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Valley growth spurt

Lots and lots of babies.

They're the primary reason the Northern San Joaquin Valley's population has grown, not immigrants or Bay Area transplants.

More than twice as many people were born as died in Stanislaus, San Joaquin and Merced counties from 2000 to 2006, according to U.S. Census Bureau statistics released today.

About 141,000 babies were born, while fewer than 60,000residents died.

And far more people moved to the valley than left during those six years. There was a net increase of nearly 45,000 foreign immigrants, plus nearly 87,000 people who migrated from other parts of the United States.

As a result, the three counties' population grew by about 210,000 people in six years. More than 1.43 million people now live in the region.

Juan Medina and his family are part of the valley's demographic trend. The 29-year-old native of Mexico has worked in Livermore for a decade, but he moved to Ceres last year to buy a house. Nine months later, his son, Jesus, was born.

"All my family is here," said Medina, noting how much more affordable it is to raise a family in the valley than in the Bay Area.

Rosalee Holguin also has found Stanislaus County a great place to raise a family. The 24-year-old mother moved to Modesto from Fresno, and she gave birth to a boy — also named Jesus — three months ago.

"It's family. It's more affordable. Everything's close," said Holguin, explaining why she likes it here. She said she would recommend her younger siblings consider starting their families in Modesto.

The region is popular with many young families because it's more affordable and less congested than the Bay Area, said Colleen Stephansen, 36, who runs a day care center in Modesto.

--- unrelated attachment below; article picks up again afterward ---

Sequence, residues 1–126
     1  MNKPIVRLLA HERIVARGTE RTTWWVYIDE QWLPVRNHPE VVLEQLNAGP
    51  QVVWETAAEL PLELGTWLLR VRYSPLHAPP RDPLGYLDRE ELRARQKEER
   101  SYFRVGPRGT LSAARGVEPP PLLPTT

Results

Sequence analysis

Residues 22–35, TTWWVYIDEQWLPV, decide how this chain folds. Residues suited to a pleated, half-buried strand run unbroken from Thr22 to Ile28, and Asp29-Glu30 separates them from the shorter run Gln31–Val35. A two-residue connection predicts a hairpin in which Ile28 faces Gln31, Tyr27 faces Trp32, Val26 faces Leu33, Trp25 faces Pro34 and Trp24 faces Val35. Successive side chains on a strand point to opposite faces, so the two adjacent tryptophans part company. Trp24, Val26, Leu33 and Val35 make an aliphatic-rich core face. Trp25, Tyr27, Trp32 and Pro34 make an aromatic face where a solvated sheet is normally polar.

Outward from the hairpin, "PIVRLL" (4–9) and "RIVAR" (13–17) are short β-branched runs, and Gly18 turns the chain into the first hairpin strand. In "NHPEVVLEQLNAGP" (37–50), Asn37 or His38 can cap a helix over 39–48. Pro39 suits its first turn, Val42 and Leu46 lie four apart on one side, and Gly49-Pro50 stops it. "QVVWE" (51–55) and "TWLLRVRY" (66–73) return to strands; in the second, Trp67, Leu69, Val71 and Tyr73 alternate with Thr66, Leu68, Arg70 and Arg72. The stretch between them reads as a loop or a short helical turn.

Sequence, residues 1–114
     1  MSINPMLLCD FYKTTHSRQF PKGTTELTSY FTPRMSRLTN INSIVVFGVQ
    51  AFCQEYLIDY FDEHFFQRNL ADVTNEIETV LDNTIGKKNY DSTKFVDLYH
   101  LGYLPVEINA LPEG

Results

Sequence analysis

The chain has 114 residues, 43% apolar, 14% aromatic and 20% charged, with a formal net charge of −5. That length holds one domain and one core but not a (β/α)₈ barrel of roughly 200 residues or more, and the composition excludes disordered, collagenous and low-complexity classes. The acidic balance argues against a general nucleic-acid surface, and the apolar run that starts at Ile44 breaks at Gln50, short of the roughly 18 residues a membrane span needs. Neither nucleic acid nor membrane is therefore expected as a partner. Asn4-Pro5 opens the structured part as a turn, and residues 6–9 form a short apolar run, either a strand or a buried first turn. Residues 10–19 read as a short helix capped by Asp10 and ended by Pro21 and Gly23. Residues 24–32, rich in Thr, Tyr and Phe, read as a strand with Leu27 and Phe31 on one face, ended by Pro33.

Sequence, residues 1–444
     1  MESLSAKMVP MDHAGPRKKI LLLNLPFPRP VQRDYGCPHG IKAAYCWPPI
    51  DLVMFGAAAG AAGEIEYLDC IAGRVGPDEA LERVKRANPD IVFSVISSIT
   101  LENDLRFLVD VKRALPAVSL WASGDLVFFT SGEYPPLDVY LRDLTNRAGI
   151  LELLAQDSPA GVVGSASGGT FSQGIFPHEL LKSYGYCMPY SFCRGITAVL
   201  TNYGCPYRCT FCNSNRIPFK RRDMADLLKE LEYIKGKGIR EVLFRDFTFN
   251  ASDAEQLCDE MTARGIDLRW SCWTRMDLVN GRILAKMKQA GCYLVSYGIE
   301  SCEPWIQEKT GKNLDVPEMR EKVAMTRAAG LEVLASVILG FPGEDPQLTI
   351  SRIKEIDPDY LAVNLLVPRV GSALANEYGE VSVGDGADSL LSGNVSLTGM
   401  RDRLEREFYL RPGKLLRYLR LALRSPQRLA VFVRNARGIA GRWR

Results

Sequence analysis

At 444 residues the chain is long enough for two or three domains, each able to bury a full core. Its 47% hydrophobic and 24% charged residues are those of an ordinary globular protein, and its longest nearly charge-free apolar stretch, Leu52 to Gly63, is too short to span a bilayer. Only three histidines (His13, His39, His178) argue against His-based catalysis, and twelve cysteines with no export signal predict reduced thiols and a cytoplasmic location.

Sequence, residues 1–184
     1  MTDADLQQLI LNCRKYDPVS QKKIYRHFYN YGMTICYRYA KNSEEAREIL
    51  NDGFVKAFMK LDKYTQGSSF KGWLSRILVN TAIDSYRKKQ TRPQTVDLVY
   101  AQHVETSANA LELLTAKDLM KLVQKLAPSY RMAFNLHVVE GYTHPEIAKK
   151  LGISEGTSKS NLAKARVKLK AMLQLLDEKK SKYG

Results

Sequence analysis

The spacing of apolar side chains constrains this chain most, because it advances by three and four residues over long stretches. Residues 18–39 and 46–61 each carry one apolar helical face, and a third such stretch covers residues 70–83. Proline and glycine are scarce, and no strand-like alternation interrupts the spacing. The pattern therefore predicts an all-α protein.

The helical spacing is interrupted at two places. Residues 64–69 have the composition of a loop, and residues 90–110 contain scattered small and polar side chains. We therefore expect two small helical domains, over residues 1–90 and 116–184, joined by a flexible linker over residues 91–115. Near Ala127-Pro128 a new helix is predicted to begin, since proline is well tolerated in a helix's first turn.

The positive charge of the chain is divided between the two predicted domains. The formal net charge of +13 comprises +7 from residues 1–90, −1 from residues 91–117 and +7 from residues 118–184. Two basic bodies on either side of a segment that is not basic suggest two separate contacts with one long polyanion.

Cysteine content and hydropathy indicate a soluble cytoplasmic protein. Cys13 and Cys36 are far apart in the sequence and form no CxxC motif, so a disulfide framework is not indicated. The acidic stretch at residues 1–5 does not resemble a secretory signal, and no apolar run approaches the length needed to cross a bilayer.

"I just think it's a better place to grow up than in the Bay Area. I grew up in the Bay Area, and I don't miss it," said Stephansen, whose center has a waiting list for infants.

Bay Area residents have been migrating to the Northern San Joaquin Valley for decades, but their flow decreased significantly last year.

Census statistics show Stanislaus, San Joaquin and Merced counties had a net domestic migration loss of more than 3,000 people from July 1, 2005, to July 1, 2006. That means fewer Americans moved in than moved out of those counties during those 12 months.

But that loss doesn't jibe with population estimates compiled by California's Department of Finance. The state statistics, released in December, show a net domestic migration gain of about 4,000 people for the three counties during that time.

Linda Gage, the department's senior demographer, said she is confident the state estimates are more accurate than those from the Census Bureau.

Gage said the Census Bureau determines population based on tax return data, but the state uses data from tax returns and driver's licenses.

"We think the driver's license database may be including people who are not filing tax returns," she explained. "Two sources are better than one."

As a result, the Department of Finance's population estimates are higher for virtually every California county, compared with Census Bureau estimates.

In Stanislaus County, for instance, the difference was about 7,000 people in 2006.

Once a decade, the Census Bureau conducts the nation's official population count, which strives to tally every person rather than just estimate who lives where. Between census years, the state and national governments produce annual estimates.

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